A challenging case: Esophageal leiomyoma in a dog - Veterinary Medicine
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A challenging case: Esophageal leiomyoma in a dog
These clinicians discovered that a senior dog's respiratory problems were caused by a benign but sizable esophageal tumor.


VETERINARY MEDICINE


ENDOSCOPY AND SURGERY

Two weeks later, the dog was returned to our clinic for further evaluation with endoscopy and possible surgery. The dog was premedicated with acepromazine and hydromorphone and induced with propofol. Anesthesia was maintained with isoflurane and oxygen.

The dog was placed in left lateral recumbency, and esophagoscopy was performed with a flexible endoscope, which revealed a marked right-sided protrusion into the lumen of the distal thoracic esophagus, beyond which the endoscope was unable to pass. The mass appeared to be submucosal and had a smooth covering of normal mucosa. Given the size of the mass, we decided to perform an exploratory thoracotomy, with possible resection or biopsy.

Before surgery, meloxicam (0.2 mg/kg subcutaneously), a morphine epidural (1 ml/10 kg; 15 mg/ml), and local intercostal nerve blocks with bupivacaine (1 ml/site; 2.5 mg/ml) were administered. Cefoxitin (30 mg/kg every two hours intravenously) and intravenous fluids were given intraoperatively. Intermittent positive pressure ventilation was instituted, and a right lateral thoracotomy was performed at the eighth intercostal space.


Figure 3. An intraoperative view of the esophagus after a right lateral thoracotomy shows a visible bulge in the esophageal wall.
We found a 4- to 5-cm mass in the wall of the caudal thoracic esophagus occupying about 15% to 20% of the length of the intrathoracic esophagus (Figure 3). Some consolidation of the adjacent right caudal lung was present, but no adhesions to the mass or erosion through the esophageal wall was noted. We did not resect the esophagus because we considered the risk of tension on the suture line to be excessive, given the necessary length of resection.


Figure 4. An intraoperative view of blunt dissection of the mass from the muscular layer with Metzenbaum scissors. Stay sutures are present in the adventitial and muscularis layer.
Because the mass was well-defined on palpation and appeared submucosal on endoscopy, we attempted to dissect it. A transverse incision through the adventitial layer of the esophagus was made over the lateral aspect of the mass, which was found to be dense, encapsulated, and associated with the muscular layer of the esophagus. Enucleation of the mass was performed, with easy blunt dissection from the surrounding tissues (Figure 4), leaving the inner mucosal layer of the esophagus intact. The muscular gap and adventitia were closed in one layer with 3-0 polydioxanone in an interrupted pattern (Figure 5). A chest tube was placed before the thoracic wall was closed.


Figure 5. An intraoperative view after enucleation of the mass and closure of the esophagus.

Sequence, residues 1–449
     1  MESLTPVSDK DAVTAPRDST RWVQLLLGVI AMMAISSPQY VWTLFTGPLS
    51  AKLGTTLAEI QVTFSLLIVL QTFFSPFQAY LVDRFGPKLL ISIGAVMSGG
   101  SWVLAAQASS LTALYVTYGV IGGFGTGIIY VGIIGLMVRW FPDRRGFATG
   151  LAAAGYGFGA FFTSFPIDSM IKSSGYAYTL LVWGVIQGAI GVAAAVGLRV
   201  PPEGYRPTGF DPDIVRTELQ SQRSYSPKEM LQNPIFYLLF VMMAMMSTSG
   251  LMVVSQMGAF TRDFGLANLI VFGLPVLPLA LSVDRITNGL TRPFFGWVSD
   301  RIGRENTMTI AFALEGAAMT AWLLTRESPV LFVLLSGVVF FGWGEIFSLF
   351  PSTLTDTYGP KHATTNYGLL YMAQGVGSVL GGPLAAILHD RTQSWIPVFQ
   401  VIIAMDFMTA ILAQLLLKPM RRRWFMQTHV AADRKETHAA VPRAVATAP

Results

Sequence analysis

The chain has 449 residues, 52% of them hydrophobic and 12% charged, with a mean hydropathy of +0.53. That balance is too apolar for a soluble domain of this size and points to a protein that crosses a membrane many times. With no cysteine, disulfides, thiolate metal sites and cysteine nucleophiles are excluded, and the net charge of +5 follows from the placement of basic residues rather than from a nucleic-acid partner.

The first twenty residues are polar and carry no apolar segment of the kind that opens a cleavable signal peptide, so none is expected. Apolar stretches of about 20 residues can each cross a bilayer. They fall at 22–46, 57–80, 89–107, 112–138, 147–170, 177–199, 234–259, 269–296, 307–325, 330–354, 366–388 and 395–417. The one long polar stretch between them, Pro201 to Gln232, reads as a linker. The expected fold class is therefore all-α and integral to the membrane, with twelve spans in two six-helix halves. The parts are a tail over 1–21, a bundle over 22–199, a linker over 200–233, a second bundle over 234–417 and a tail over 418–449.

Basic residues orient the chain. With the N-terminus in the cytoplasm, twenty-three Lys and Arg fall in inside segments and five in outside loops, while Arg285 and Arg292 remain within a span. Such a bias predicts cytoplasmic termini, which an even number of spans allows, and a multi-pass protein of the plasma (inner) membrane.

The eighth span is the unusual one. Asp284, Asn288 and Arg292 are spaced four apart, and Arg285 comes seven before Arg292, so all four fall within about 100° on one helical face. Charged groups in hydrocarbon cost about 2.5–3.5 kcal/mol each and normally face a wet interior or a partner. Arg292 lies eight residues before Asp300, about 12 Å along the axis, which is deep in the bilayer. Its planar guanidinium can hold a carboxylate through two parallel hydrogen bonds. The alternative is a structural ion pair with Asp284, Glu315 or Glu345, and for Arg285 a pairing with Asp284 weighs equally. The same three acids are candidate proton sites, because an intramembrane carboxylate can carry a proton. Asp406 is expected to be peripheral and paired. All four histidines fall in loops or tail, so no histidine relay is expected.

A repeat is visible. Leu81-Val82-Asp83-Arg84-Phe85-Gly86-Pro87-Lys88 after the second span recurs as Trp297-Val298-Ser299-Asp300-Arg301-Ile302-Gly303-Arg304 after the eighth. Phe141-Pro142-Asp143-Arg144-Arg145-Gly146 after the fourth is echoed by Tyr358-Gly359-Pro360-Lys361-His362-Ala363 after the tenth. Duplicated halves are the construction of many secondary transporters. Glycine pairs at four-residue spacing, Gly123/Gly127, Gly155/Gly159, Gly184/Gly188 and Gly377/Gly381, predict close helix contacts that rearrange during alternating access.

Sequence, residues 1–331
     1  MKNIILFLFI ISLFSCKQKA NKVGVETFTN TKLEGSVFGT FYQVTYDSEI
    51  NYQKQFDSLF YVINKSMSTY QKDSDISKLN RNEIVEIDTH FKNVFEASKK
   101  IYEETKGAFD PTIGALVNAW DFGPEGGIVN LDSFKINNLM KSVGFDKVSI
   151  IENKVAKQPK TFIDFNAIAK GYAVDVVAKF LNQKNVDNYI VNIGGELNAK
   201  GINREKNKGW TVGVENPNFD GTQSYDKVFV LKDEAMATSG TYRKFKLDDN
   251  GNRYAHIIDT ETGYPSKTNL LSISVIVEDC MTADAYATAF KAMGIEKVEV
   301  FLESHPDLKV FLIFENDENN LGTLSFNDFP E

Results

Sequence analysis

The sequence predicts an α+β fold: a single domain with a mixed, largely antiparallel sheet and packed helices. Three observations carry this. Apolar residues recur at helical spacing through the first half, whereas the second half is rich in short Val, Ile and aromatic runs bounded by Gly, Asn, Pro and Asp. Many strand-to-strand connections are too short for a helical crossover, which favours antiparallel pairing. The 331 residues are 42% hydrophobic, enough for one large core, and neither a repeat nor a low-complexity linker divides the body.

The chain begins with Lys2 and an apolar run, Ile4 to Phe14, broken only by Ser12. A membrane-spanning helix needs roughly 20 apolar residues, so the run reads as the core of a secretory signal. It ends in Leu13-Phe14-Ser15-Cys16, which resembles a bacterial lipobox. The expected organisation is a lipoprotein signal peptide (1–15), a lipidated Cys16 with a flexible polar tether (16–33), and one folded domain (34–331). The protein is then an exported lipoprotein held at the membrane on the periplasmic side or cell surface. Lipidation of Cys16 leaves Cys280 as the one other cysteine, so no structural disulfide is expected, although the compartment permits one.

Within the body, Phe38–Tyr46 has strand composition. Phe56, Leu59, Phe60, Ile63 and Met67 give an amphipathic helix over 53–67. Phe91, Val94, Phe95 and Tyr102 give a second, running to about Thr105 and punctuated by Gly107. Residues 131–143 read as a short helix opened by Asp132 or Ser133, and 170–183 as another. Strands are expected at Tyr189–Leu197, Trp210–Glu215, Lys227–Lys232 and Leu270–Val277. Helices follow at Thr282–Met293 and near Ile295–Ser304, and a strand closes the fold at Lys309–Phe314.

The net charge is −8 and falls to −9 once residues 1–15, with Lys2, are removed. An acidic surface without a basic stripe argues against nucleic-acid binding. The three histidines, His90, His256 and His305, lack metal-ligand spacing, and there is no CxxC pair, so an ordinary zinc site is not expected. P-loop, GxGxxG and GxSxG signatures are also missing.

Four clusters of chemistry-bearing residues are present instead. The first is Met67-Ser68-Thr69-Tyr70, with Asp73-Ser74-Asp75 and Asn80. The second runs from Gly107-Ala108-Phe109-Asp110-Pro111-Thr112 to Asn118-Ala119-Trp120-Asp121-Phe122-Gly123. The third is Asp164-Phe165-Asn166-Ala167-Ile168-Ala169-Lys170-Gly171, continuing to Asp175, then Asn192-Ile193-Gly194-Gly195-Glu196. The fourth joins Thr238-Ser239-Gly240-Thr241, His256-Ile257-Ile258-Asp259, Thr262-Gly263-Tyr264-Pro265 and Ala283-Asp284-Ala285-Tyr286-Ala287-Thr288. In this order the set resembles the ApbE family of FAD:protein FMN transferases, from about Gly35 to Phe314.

We repeated the esophagoscopy postoperatively, which revealed moderate bruising of the mucosa over the surgery site and complete removal of the extraluminal compression. Some redundant mucosa was present at the site, with mild swelling. Because the mucosal layer was intact, no gastrostomy tube was placed.

POSTOPERATIVE CARE AND HISTOLOGIC EXAMINATION RESULTS

The dog recovered from anesthesia without complications. Intravenous fluid administration was continued for 24 hours. Postoperatively, the dog was given nothing orally for 12 hours and then fed soft food for seven days. Hydromorphone (0.05 mg/kg subcutaneously) was administered as needed for 24 hours. Meloxicam was continued for five days (0.1 mg/kg orally once a day). The chest tube was removed after 24 hours. We discharged the dog after 48 hours with instructions for the owner to restrict activity for the next four weeks and return to the referring veterinarian for a recheck and suture removal in 10 days. Further instructions included providing small, frequent meals of only soft food for seven days.

Histologic examination of the mass revealed a disorganized proliferation of mature smooth muscle cells growing in an abnormal architectural arrangement, with interlacing bundles of bland spindle cells. These findings were consistent with an esophageal leiomyoma.

FOLLOW-UP

Two weeks after surgery, reexamination by the referring veterinarian at the time of suture removal revealed that the dog showed no evidence of recurrence of respiratory signs and had a normal appetite and attitude and no evidence of dysphagia. On telephone follow-up two months after surgery, the dog was clinically normal, with no episodes of dysphagia, dyspnea, or coughing. The dog's energy level and general demeanor were greatly improved. Additional follow-up was recommended if any further clinical signs were noted.


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Source: VETERINARY MEDICINE,
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